A More Enterprising Foreign Legion

Prozack Turner and Marc Stretch grew up, but they're still full time B-Boys.

Emcees Prozack Turner and RickMarc Stretch” Govan don’t really need a mythology to make themselves interesting, but they’ve tried it anyway. In past biographies, they met in space camp. Or the first Gulf War — Turner was a chopper pilot, and Stretch was the gunner. Sometimes they say the war was Vietnam. (In which case, an interviewer would have to accept that both rappers are very young-looking geriatrics.) Other times, they say they met while deep-sea diving. “We were looking for the same buried treasure,” Prozack likes to say.

Thus, the real story of their duo, Foreign Legion, is hard to pin down. And it’s a little more prosaic than what you usually find in the group’s press materials. Prozack and Stretch met at a bar in 1997 and hit it off. Physically, they’re opposites: The fact that Zack is small and white, while Stretch is tall and black, has always made the group look slightly, well, gimmicky. But fans take endless pleasure in noting that they have uncannily similar personalities. Both are fast, clever, aggressive, flinty, and sarcastic, with an acid sense of humor. They’re self-employed rappers who could easily survive in other industries. Until January, Prozack co-owned the Layover bar in downtown Oakland, while Stretch worked at a graphic design company. It’s little surprise that when they first met, Prozack was selling shoes at Nordstrom.

But only recently have the two made their real lives the cornerstone of an artistic project, namely with the movie that accompanies their new album, Night Moves. Originally planned as a TV series, it’s a sitcom about two struggling rappers who have just inked their first major-label deal, and are trying, against all odds, not to screw it up. Prozack and Stretch play exaggerated versions of themselves. In the opening scene, Zack tries to negotiate with a CEO from Interscope Records, who is bogarting the master copies of Foreign Legion’s new album. In this case, the master copies serve as collateral, since Stretch broke some equipment at Interscope. Thus, the emcees have to cook up a crazy scheme to pay off the debt and get their masters back. It involves a hooker named Donna, who winds up being the group’s unlikely co-conspirator.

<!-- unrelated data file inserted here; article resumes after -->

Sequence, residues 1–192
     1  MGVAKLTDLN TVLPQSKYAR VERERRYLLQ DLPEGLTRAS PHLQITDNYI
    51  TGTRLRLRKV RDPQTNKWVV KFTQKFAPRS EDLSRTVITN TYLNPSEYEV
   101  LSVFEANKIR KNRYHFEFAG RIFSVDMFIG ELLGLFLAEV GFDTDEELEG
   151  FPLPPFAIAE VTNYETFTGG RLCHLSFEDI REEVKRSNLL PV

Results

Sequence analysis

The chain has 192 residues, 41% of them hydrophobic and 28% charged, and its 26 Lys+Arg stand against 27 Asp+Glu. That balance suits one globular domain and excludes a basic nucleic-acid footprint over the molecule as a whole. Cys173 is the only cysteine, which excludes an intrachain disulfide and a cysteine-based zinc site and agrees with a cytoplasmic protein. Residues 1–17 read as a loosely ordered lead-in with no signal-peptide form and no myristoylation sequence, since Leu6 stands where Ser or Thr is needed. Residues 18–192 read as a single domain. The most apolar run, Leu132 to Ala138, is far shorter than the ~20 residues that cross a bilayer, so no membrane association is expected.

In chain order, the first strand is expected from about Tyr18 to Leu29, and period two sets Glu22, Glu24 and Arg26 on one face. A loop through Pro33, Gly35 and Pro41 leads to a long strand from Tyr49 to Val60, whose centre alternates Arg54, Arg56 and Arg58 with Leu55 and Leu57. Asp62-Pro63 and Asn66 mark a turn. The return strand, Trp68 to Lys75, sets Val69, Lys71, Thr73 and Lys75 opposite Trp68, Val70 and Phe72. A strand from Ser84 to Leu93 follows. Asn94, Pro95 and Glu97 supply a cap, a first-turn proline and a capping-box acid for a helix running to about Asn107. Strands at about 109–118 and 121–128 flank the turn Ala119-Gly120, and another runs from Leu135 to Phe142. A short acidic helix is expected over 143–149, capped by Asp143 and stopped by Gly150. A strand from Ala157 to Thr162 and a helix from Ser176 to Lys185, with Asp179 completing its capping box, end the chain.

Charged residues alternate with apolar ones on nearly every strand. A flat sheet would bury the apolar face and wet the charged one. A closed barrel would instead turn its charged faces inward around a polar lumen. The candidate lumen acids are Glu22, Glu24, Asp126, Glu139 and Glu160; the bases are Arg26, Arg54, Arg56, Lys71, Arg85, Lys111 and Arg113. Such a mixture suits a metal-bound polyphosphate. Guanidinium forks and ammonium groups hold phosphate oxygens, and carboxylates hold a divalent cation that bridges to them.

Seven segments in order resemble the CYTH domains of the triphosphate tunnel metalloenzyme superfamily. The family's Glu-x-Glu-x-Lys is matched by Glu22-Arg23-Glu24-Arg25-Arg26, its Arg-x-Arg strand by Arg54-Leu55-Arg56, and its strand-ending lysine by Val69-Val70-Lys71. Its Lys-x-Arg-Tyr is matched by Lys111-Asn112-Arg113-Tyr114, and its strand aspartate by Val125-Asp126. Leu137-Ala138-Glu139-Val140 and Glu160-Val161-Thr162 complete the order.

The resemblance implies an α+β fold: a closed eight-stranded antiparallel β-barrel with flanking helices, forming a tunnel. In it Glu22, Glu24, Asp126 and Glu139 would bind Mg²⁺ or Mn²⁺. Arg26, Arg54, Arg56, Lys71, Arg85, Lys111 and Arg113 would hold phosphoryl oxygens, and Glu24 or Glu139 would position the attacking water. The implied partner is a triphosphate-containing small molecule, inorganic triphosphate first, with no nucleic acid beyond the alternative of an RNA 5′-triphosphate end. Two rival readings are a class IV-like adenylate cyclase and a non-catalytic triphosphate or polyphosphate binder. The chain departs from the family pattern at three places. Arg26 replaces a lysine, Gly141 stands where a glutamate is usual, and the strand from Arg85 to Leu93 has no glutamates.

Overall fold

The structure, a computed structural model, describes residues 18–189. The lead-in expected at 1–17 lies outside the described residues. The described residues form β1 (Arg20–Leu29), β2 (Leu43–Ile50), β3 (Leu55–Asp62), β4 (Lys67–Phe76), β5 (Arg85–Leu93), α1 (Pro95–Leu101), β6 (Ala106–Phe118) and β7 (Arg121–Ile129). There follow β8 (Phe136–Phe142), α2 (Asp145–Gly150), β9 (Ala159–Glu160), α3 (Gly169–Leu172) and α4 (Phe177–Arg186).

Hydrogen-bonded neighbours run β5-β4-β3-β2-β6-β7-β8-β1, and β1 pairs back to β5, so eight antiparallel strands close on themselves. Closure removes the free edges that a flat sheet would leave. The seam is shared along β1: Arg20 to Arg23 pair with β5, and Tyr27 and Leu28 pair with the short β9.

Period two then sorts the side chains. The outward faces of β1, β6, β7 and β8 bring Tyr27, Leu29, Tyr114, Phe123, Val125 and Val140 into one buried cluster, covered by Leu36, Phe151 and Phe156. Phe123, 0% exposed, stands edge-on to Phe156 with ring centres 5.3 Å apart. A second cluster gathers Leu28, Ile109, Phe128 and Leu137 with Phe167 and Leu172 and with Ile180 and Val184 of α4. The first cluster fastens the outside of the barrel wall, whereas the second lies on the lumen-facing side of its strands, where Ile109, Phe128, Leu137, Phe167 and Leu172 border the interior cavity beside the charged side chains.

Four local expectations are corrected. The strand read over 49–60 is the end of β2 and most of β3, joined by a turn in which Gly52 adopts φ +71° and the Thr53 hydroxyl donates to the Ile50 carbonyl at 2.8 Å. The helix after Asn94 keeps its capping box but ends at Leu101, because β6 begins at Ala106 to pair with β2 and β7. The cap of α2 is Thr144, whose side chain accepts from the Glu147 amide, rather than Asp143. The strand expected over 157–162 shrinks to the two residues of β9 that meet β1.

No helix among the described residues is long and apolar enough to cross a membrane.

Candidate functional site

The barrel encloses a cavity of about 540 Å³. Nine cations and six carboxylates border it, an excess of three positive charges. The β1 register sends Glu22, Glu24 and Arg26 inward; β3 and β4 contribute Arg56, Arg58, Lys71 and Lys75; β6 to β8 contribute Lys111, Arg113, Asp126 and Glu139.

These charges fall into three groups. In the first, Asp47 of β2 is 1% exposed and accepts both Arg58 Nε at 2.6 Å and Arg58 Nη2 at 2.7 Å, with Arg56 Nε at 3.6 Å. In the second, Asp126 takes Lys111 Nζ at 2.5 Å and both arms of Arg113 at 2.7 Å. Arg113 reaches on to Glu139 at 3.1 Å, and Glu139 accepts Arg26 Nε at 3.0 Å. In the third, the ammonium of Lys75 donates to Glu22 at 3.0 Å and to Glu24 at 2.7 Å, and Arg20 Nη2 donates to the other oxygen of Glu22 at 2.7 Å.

Okay, so that doesn’t exactly qualify as real life. But it does have historical underpinning. Sort of. Prozack did, indeed, sign to a major label in 2005 — DreamWorks, which was distributed by Interscope — but he never saw the official release of his solo debut because the label folded that year. In fact, DreamWorks held Prozack’s master copies hostage, so to speak, in a way that seems almost as diabolically absurd as it does in the Night Moves movie plot. After that, he decided to be DIY for good. Then the other major labels started toppling, and the point became moot.

“At this point, it would be hard to put an album into someone else’s hands, because I know how to do everything,” Prozack said. And he’s right. Prozack produced seven of the thirteen tracks on Night Moves, mostly for economic reasons, he said. He also wrote and directed the movie. At this point, the two rappers are handling everything themselves, from management to the recording process. And they seem to do better that way.